The first major poll since Weiner entered the mayor’s race found the ex-congressman running in second place with 19 percent support among voters.
Weiner endured a rocky start to his mayoral campaign.
He was greeted to a round of pun-filled tabloid headlines alluding to the 2011 scandal, in which he admitted to having "exchanged messages and photos of an explicit nature with about six women over the last three years."
New York Gov. Andrew Cuomo (D) rebuked Weiner after he entered the mayor’s race, saying “shame on us” if Weiner is elected in the November election.
Several of Weiner’s former Democratic colleagues in the House also distanced themselves from his bid for political redemption.
Weiner then acknowledged more women may come forward with more inappropriate emails and texts from him.
Perhaps most embarrassing, his campaign website mistakenly included a backdrop image of Pittsburgh’s skyline instead of the famous Manhattan skyline.
Despite the uneven opening to his campaign, Weiner’s support appears to have grown since he entered the mayor’s race. He has drawn enthusiastic crowds at his campaign events. The New York Daily News — which ridiculed him last week — on Monday said there was a Weiner "love fest" in New York.
In April, prior to his announcement, a Marist poll showed Weiner with 15 percent support to Quinn’s 26 percent.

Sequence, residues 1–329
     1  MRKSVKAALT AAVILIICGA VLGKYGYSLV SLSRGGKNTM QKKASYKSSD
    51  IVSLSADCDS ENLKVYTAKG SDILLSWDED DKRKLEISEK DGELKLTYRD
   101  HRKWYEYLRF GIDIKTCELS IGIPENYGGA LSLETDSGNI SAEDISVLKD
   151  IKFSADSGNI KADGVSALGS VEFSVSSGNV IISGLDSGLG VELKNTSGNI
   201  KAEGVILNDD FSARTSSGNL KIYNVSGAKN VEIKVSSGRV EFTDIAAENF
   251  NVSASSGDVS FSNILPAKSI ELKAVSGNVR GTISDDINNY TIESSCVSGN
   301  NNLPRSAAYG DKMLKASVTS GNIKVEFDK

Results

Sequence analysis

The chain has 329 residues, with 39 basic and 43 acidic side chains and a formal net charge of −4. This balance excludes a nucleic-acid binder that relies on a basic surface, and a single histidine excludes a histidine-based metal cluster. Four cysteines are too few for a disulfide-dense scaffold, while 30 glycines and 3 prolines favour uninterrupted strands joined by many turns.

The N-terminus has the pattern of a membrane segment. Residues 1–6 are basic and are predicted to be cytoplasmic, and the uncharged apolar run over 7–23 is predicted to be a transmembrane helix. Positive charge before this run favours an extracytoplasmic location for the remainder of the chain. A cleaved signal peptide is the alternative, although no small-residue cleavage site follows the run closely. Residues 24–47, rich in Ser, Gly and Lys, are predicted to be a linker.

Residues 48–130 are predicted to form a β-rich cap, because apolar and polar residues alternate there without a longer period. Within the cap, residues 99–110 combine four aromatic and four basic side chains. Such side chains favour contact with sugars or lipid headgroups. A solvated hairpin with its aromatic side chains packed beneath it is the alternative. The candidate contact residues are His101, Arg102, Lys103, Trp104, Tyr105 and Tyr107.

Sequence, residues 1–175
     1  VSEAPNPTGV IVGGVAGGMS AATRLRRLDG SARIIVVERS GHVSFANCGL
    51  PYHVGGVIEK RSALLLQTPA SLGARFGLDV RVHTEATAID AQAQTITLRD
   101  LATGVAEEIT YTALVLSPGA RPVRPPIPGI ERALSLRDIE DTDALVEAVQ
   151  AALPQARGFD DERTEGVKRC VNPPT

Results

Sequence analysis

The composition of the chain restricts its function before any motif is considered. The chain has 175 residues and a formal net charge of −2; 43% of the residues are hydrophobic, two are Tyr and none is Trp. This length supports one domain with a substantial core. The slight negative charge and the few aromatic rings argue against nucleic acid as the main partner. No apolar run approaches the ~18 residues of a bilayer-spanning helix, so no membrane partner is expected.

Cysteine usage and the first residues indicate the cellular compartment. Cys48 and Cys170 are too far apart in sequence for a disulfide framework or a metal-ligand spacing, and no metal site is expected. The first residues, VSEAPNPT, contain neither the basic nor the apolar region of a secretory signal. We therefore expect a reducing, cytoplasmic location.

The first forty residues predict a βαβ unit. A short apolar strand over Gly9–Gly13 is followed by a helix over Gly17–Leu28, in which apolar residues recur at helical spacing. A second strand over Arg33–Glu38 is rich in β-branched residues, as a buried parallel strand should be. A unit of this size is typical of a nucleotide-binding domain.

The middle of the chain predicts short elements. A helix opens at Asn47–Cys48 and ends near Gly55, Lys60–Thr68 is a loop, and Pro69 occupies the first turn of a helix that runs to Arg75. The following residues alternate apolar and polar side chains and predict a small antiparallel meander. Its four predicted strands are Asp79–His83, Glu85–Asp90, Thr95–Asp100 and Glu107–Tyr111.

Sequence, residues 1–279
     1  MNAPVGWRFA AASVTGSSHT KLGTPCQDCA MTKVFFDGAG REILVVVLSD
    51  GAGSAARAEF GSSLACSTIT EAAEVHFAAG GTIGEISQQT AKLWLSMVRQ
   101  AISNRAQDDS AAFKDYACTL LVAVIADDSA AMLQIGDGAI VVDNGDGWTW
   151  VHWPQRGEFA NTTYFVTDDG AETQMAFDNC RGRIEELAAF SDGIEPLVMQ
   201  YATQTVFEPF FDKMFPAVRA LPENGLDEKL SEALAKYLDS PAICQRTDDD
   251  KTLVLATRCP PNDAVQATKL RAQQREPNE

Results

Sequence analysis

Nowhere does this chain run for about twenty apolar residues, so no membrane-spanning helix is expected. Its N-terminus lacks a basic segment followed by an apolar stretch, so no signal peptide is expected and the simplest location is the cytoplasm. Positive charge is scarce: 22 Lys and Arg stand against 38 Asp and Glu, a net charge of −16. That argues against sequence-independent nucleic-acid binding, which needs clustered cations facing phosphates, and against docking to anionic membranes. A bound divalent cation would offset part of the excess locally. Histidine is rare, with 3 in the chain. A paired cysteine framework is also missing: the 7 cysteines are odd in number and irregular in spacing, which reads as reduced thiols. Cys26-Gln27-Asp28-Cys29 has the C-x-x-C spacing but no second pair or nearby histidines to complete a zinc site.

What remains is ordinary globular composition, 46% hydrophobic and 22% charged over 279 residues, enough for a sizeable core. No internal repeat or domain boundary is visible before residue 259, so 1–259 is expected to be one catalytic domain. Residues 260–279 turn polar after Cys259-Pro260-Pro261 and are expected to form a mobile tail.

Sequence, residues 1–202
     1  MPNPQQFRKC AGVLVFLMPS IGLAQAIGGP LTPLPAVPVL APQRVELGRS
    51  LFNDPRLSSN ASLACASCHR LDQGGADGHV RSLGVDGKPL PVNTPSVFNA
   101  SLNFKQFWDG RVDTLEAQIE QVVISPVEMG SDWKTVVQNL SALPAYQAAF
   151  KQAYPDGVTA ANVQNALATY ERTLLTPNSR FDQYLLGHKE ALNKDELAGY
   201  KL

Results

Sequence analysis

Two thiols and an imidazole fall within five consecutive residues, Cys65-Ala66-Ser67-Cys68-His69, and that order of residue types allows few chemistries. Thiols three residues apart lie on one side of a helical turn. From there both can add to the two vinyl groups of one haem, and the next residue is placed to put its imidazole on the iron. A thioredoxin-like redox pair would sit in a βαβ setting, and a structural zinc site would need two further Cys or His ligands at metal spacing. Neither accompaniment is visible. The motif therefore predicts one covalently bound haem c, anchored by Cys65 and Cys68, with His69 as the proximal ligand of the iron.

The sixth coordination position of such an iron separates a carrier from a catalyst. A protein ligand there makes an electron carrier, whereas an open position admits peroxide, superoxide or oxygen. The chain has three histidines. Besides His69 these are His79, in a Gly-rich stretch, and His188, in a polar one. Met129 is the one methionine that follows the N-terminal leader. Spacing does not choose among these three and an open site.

A Quinnipiac survey released on the day Weiner entered the mayor’s race also showed him with 15 percent support.
“The Democratic primary for mayor remains wide open,” Lee Miringoff, director of The Marist Institute for Public Opinion, said in a statement.
Among Democrats, 59 percent say Weiner deserves a second chance. But they are split when asked for other views about him. He is viewed favorably by 44 percent of Democrats in New York — and unfavorably by 44 percent.
By contrast, Quinn has a 60 percent approval rating among Democrats, with just 26 percent holding an unfavorable view of her.
In a hypothetical runoff, Quinn leads Weiner by a 48-33 percent margin, with 18 percent of voters undecided.
The Marist poll found Bill de Blasio, New York’s public advocate, with 12 percent support and former city comptroller Bill Thompson with 11 percent support.
In a campaign video released last week on YouTube, Weiner asked voters for a “second chance” to serve.
“Look, I made some big mistakes, and I know I let a lot of people down,” Weiner said in the video. “But I’ve also learned some tough lessons.”